Not satisfied with CPB action on WCQS

Thanks for the article by Brian Postelle in your Sept. 2 issue concerning the report issued by the Corporation for Public Broadcasting's Inspector General about Asheville's public-radio station, WCQS. However, both the CPB report and the article left out these facts behind that report:
1) In clear violation of the law, WCQS did not have a meeting of its Community Advisory Board (CAB) for 13 consecutive years, from 1995 until 2007.
2) During those same 13 years, WCQS certified in writing that it was in compliance with all federal laws, FCC regulations and CPB rules in order to receive CPB funding.
3) WCQS received a total of $2,283,507 from the CPB during this period, which CPB is not allowed to distribute to a station that does not have an active CAB.
4) CPB has only two ways of punishing such a station. It can demand the return of those funds and/or it can cease all future grants to the offending station. Since either action would severely harm the station and its listeners, I wrote CPB requesting that they not take such action.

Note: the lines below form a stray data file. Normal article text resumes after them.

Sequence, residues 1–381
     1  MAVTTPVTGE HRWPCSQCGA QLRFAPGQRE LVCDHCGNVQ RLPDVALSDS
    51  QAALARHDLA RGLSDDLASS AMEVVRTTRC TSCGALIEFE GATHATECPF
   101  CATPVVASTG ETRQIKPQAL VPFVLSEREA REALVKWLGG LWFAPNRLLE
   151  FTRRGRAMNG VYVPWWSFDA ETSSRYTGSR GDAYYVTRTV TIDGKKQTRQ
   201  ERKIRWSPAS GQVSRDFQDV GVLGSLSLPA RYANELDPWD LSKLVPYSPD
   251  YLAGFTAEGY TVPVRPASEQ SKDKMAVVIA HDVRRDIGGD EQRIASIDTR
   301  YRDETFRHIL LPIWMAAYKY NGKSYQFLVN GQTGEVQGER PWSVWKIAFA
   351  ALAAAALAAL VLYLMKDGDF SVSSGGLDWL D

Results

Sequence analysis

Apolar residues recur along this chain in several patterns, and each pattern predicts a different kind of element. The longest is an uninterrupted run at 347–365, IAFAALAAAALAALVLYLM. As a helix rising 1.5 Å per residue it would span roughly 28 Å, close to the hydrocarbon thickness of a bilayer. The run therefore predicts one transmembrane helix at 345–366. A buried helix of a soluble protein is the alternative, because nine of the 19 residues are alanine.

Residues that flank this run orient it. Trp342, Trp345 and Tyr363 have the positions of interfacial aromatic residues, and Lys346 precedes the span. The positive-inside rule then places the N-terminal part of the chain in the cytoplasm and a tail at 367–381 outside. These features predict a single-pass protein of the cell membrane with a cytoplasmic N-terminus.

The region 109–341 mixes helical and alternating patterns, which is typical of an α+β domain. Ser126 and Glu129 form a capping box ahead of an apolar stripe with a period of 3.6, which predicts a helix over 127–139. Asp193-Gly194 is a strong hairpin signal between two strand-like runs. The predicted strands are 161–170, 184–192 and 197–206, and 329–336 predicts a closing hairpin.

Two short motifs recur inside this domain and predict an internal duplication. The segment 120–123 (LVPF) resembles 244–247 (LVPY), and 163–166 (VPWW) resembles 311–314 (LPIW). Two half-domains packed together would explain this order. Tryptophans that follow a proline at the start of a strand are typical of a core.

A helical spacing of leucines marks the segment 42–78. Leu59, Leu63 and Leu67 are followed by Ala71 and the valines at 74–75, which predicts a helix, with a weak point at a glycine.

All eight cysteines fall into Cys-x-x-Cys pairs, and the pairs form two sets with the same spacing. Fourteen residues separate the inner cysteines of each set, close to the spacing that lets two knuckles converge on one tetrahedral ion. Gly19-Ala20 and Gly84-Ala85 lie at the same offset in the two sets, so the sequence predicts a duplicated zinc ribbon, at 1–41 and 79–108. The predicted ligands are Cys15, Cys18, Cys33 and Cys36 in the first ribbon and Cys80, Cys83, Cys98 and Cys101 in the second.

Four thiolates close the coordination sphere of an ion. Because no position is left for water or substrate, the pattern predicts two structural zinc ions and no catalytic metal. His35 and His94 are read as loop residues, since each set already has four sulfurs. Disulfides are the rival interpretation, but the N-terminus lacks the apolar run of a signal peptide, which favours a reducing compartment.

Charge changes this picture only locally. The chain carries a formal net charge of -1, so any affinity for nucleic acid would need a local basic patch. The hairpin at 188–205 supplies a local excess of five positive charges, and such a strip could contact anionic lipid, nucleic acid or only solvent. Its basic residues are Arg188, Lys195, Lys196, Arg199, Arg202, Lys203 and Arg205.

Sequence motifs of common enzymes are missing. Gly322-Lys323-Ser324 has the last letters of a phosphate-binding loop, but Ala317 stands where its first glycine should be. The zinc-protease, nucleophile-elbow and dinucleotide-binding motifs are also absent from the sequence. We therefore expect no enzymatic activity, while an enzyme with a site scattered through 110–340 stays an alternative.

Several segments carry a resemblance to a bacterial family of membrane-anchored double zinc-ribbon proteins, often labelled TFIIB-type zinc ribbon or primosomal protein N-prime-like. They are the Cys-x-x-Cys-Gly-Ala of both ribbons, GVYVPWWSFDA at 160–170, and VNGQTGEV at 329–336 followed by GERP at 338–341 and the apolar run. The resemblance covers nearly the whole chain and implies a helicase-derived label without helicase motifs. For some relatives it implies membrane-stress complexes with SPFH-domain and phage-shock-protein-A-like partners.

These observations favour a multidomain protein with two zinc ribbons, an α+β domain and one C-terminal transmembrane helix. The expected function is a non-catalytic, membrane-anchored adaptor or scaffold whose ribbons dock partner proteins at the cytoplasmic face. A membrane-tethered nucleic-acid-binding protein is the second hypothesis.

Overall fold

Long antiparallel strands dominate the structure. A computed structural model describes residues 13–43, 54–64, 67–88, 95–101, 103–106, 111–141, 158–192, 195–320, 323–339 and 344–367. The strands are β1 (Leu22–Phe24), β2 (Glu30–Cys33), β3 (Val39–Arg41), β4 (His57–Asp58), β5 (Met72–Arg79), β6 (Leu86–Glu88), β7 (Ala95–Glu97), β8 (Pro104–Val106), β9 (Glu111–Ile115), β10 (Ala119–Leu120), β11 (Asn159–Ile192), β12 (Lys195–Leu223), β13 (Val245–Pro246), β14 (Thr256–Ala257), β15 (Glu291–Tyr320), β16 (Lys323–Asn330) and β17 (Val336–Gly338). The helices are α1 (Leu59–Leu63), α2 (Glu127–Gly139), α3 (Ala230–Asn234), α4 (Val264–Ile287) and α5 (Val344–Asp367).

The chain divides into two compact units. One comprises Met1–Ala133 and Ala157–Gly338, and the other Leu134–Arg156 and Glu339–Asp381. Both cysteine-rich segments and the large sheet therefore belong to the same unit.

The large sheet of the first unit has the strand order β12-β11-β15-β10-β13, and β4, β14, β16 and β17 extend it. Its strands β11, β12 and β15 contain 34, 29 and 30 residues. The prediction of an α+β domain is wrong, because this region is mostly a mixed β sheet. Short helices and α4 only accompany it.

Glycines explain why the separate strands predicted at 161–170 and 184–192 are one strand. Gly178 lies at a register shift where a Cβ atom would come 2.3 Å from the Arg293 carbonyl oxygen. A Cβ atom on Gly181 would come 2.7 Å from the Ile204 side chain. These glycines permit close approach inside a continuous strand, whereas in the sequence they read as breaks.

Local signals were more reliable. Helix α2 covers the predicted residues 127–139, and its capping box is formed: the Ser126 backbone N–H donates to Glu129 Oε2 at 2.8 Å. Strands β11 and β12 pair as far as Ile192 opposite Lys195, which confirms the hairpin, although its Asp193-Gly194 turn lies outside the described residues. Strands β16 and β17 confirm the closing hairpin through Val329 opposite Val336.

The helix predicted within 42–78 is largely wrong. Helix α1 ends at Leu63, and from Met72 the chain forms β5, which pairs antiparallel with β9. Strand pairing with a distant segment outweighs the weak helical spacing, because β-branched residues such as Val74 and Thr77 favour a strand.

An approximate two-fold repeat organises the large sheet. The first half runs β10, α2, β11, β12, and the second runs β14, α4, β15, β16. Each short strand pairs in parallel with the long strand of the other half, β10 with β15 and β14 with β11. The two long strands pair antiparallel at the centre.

5) I informed WCQS of its illegal status in 2006 when I discovered that they did not have an active CAB in place. It took them a year to re-establish a CAB.
6) By law, the CAB must be independent of station management and the Board of Trustees, although it reports to the Board of Trustees. The bylaws of the CAB that WCQS put in place in 2007 were written by station management, and the Board of Trustees, according to those bylaws, must approve all CAB members. That may meet CPB's definition of "independence." It certainly doesn't meet mine. Rather it's an effective way of controlling the CAB and assuring that no station critics are allowed to serve on it.
7) The person responsible for this 13-year violation of federal law, which could have led to the bankruptcy of the station, is still running WCQS. He was quoted in your article as saying: "I think we have an excellent CAB now, but we were probably remiss in letting it lapse at all."

Probably?

Don't the listeners of WCQS deserve a station manager who knows the law and abides by it? Someone who understands the importance of having an independent CAB? Someone who wants the community's advice as well as its money?

Probably.

— Fred Flaxman
Weaverville

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